Broad Street resident Stella Reinhard, who lives a block away from the market, had emailed letters to neighbors and community groups such as the Salem Garden Club, urging residents to turn out to show Salem City Council they were concerned about possible development threatening the market and other downtown areas.

Cynthia Munley said after the meeting the market works the way it is now, and would be completely altered with a high-rise building. “I think the city makes a lot of decisions because they own the property,” Munley added.

Jim and Loraine Myer were at the meeting to see plans for East Main Street Urban Development Area and amendments to the city’s Comprehensive Plan for that area because they live in the neighborhood near the former Dominion Dodge.

After looking at plans with Salem City Planner Ben Tripp, the couple said they were pleased to see drawings that show sidewalks, two-way traffic with turning lanes and other improvements. “Whatever Salem does, what Ed Walker does, will be a good job,” Loraine Myer said. “It was encouraging to me,” added Jim Myer. “It seems that what Salem is not doing is chasing heavy industry because that is a thing of the past.”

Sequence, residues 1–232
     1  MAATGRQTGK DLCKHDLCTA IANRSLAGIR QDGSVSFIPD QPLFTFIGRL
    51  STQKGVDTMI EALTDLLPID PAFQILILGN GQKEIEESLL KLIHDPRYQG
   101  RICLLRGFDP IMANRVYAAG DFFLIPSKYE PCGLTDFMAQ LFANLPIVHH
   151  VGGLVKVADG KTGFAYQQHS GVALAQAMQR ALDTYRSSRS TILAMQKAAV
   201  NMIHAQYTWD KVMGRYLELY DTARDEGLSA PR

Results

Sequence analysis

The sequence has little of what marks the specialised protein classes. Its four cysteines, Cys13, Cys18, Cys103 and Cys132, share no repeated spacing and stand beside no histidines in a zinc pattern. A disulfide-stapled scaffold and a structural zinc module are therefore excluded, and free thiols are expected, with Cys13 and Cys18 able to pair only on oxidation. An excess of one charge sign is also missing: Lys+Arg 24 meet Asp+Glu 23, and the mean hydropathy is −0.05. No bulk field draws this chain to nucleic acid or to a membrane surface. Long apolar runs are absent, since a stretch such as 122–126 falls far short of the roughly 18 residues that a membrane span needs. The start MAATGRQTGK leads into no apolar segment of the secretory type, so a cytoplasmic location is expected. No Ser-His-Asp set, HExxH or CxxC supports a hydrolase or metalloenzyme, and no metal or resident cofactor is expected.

Also at the April 24 meeting, Council accepted the 2017-18 Salem City Schools $44.9 million budget, which includes a 2 percent raise for teachers and other personnel, effective February 2018.

Salem School Board Chairman David Preston thanked Council for a $325,000 increase in local funding, “to close the funding gap for school employees.”

He said that although the “Great Recession presented formidable challenges, the School Board and its employees have persisted in its continuous improvement efforts,” getting more than $2.2 million in competitive grants since 2013 that helped provide “additional income for teachers, improve safety and security and improve teaching and learning for the children and families we serve.”